The academic competition aims to identify emerging scientific talent, foster drug delivery education and reward academic excellence. Winners were chosen from leading U.S. and European universities with graduate programs in pharmaceutical science including St. John’s University, Rutgers University, New Jersey Institute of Technology, University of North Carolina at Chapel Hill, Purdue University and Heinrich Heine University of Düsseldorf, Germany. Competition entries consisted of original review articles addressing topics such as drug development, delivery technologies, improving therapeutic profiles and bioavailability, pre-formulation, and pediatric drugs. The academic competition reflects the Institute’s commitment to fostering education, collaboration and adoption of drug delivery technologies to develop better treatments for patients.
The competition’s grand prize of $5,000 was awarded to James Byrne of the University of North Carolina at Chapel Hill, whose winning submission focused on “Treating Human Autoimmunity with Immunotherapy”. Additionally, each of the following students was awarded a first place prize of $2,000 as the top submission from their university:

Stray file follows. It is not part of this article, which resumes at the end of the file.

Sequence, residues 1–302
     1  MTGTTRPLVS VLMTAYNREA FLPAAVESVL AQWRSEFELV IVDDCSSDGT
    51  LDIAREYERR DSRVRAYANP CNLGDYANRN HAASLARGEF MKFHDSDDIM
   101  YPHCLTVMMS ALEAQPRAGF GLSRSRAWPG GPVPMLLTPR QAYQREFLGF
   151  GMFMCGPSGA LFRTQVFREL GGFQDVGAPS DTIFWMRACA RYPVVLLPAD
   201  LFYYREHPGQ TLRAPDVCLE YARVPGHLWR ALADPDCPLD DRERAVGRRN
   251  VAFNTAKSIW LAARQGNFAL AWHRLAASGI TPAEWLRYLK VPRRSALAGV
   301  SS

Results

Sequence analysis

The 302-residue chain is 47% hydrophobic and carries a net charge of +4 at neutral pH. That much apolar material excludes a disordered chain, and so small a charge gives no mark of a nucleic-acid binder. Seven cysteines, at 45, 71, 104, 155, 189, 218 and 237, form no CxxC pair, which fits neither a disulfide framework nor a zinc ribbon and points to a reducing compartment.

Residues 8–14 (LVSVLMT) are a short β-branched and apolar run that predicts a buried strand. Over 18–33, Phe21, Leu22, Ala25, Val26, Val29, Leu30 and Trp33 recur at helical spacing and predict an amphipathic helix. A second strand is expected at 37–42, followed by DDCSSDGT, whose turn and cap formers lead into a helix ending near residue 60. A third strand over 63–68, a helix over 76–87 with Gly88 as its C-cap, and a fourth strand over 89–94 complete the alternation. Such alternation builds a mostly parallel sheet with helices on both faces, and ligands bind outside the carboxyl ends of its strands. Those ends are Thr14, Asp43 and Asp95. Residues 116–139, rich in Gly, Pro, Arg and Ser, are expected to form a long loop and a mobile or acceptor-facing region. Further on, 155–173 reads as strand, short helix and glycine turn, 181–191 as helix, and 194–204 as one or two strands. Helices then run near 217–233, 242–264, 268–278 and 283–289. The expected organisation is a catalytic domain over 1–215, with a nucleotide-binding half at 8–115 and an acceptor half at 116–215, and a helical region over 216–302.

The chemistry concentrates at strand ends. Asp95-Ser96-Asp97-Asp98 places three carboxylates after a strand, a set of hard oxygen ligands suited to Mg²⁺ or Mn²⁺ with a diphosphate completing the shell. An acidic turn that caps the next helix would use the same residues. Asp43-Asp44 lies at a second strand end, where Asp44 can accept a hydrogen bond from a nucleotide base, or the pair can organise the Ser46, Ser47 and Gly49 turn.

• Shashank Jain, St. John's University, “Rationale for Selection of Solubility and Dissolution Enhancement Strategies”
• Maxim Osipovs, Heinrich Heine University of Düsseldorf, “Challenges for the Oral Delivery of Macromolecules”
• Maxx Capece, New Jersey Institute of Technology (NJIT), “Modified Release of Dry-Polymer Coated Active Pharmaceutical Ingredients.”
As an investment in the future life science leaders of tomorrow, the Catalent Institute has collaborated with the American Association of Pharmaceutical Scientists (AAPS) to reward students’ participation in the academic competition with a complimentary, one-year AAPS membership.
“Partnering with leading academic centers throughout the world is an important part of our mission at the Institute,” said Terry Robinson, Executive Director of the Catalent Applied Drug Delivery Institute. “Research and development collaborations with academic institutions foster innovation in applied drug delivery technology which can result in better treatments and improved patient care. The Institute is grateful to the participating universities for encouraging their students to pursue this wonderful opportunity.”